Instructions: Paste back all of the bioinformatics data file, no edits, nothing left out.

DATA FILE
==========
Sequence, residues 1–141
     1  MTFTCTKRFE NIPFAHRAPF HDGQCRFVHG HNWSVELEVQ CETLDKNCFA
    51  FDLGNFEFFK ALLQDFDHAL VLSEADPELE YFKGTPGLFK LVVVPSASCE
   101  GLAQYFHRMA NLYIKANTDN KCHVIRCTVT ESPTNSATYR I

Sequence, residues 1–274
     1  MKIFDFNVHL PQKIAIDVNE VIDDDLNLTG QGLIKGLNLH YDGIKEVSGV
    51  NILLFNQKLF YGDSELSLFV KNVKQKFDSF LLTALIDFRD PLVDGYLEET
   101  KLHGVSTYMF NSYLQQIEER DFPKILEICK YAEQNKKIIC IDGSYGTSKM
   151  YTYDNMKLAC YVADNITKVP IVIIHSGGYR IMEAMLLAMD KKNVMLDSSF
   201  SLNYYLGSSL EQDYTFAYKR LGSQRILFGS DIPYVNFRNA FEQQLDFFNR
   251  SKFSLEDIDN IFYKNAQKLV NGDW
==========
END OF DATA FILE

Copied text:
Sequence, residues 1–141
     1  MTFTCTKRFE NIPFAHRAPF HDGQCRFVHG HNWSVELEVQ CETLDKNCFA
    51  FDLGNFEFFK ALLQDFDHAL VLSEADPELE YFKGTPGLFK LVVVPSASCE
   101  GLAQYFHRMA NLYIKANTDN KCHVIRCTVT ESPTNSATYR I

Sequence, residues 1–274
     1  MKIFDFNVHL PQKIAIDVNE VIDDDLNLTG QGLIKGLNLH YDGIKEVSGV
    51  NILLFNQKLF YGDSELSLFV KNVKQKFDSF LLTALIDFRD PLVDGYLEET
   101  KLHGVSTYMF NSYLQQIEER DFPKILEICK YAEQNKKIIC IDGSYGTSKM
   151  YTYDNMKLAC YVADNITKVP IVIIHSGGYR IMEAMLLAMD KKNVMLDSSF
   201  SLNYYLGSSL EQDYTFAYKR LGSQRILFGS DIPYVNFRNA FEQQLDFFNR
   251  SKFSLEDIDN IFYKNAQKLV NGDW